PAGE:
What started out as a chance, slow nodding of heads exchange about the superior quality of Italian prosciutto with the lady standing next to me at the deli counter this morning, turned first into reminiscences of the same woman’s breakfasts of jambon and walnuts during her travels through rural France. Then, once she had hit her stride on the subject, conversation veered towards her belief that it is the French who truly get what good food and living is all about. That was until she found out I was Italian and proceeded to regale me with the time she and husband were guests at their friends’ house in – yep, you guessed it – Umbria. Todi to be exact.
She confided how they had been well and truly spoilt by their well-heeled hosts, an Australian couple who have a base here and one in Italy and live between the two. The Todi house is in the centre of town she said, downhill from Piazza del Popolo (if we had our bearings right) in a narrow, winding little street, with the most marvellous views over of the valley beyond. And to top it all off, their friends had even arranged for them to do a four-day cooking school where they met local tartufai, truffle hunters, and explored Umbria’s answer to Pompeii, the buried Roman town of Carsulae. We spoke of Todi. The peace and quiet. We had both observed how the signore of the town still gather in the afternoon sun to chat, each bringing with them a wooden chair to sit on. In fours and fives, they form rows on the dark stone streets or look out at the view from ancient terraces, little more than outcrops.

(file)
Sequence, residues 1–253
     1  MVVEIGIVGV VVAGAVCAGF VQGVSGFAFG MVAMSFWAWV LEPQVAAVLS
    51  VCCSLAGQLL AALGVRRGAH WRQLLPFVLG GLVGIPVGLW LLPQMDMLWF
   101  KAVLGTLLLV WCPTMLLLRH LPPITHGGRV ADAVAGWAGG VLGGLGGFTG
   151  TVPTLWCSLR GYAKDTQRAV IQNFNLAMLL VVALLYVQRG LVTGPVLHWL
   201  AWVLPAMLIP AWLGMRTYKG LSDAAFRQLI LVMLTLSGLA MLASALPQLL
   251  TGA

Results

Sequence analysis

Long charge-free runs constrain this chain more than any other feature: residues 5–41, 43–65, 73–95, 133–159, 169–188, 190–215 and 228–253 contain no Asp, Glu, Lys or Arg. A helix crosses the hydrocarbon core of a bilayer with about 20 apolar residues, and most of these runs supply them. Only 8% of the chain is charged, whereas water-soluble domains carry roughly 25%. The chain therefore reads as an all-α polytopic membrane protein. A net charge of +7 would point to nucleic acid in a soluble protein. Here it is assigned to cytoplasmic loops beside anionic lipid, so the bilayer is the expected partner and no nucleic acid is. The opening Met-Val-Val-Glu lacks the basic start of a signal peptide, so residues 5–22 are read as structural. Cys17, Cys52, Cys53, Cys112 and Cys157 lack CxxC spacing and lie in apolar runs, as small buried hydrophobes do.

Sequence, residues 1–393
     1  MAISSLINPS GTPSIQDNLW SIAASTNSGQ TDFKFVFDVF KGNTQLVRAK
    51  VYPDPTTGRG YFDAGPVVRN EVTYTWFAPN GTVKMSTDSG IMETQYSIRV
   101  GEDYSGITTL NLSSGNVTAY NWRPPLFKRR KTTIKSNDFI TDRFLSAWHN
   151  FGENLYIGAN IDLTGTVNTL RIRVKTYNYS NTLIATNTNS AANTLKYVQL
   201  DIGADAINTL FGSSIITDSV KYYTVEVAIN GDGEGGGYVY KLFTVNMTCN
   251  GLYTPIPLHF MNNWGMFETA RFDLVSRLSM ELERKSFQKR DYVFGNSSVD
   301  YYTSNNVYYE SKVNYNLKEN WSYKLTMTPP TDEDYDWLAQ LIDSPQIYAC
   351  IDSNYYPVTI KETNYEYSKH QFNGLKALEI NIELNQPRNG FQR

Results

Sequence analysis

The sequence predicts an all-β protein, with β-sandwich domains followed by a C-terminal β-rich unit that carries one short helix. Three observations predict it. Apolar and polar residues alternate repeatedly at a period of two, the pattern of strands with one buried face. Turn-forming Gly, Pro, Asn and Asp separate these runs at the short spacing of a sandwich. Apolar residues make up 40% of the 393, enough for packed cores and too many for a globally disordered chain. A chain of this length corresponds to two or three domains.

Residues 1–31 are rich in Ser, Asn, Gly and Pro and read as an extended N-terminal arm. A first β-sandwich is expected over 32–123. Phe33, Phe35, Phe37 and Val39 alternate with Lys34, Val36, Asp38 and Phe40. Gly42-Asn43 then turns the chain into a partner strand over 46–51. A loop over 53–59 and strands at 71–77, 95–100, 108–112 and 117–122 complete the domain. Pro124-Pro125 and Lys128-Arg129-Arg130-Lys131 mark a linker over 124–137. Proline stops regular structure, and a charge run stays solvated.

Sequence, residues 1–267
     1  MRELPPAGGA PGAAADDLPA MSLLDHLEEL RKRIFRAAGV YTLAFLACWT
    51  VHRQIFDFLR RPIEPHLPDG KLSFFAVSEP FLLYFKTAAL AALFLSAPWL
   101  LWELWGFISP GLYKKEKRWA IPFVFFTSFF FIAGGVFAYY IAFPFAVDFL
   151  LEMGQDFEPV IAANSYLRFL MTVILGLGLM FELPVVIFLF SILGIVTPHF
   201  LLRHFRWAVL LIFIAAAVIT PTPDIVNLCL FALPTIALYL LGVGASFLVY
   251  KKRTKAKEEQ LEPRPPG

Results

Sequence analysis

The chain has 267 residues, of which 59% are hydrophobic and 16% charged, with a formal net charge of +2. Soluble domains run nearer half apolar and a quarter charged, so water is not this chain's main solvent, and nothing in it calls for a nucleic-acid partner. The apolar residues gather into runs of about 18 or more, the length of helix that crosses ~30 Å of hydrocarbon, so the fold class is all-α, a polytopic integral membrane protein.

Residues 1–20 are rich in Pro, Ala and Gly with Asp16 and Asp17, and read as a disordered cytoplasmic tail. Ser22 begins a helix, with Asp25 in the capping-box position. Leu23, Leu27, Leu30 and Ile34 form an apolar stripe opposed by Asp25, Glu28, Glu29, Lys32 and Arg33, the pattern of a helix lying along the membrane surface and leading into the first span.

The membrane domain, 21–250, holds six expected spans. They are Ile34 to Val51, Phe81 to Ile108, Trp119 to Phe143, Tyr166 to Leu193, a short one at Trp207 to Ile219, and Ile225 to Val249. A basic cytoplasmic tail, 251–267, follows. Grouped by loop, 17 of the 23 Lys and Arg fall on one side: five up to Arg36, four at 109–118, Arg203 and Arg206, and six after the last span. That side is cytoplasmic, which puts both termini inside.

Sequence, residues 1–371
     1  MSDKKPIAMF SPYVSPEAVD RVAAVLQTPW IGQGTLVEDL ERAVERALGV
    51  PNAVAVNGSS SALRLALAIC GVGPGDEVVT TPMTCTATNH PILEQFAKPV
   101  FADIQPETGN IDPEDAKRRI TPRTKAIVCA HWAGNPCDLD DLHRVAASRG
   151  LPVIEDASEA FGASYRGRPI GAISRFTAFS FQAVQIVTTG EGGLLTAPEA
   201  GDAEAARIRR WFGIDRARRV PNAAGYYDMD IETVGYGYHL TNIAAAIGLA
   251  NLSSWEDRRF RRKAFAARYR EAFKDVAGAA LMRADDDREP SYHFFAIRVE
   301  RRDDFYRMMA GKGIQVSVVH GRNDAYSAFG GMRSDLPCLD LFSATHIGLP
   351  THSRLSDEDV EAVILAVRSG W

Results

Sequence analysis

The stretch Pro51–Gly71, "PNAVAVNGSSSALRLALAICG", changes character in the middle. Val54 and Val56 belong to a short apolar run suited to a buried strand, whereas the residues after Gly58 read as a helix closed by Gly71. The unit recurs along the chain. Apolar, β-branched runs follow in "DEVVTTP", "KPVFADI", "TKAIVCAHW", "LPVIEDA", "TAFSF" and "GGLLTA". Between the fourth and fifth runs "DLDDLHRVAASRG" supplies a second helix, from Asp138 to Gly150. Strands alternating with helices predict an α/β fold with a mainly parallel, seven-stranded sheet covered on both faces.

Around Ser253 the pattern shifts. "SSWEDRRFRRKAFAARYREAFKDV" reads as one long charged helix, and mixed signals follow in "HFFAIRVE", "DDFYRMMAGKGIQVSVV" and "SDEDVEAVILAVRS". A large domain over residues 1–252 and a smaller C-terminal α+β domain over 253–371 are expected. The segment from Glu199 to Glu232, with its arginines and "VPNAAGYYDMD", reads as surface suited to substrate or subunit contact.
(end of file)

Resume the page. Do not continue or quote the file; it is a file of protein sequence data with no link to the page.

The sparkle in her eyes, the intensity and accuracy of all her descriptions reminded me of my own. She too had fallen under the spell. Become a missionary in the world, ready to spread the word and share the love at a moment’s notice. The chance to relive the memories almost impossible to resist. It was funny the way our conversation ended. She first bid me adieu while i was still mid-shop, and we met up again at the cassa where, having paid once already, she had doubled back to pick up a couple of super thin pizza bases, for her lunch perhaps. As I waited my turn to pay, she reappeared at my side to show me her spoils, pulling the pizze out of her bag and recommending them wholeheartedly for their thinness and goodness. I looked up from her shopping to speak, but before I could say anything our eyes met and we both just smiled. I think she got the same joke I did. Two Umbria tragics in a Calabrian deli in suburban Camberwell, like ships in the night. And with that she was out the door and into the rain. No second farewell required.
I’ll be keeping an eye out for her though. Patriots really ought to stick together, so far from home.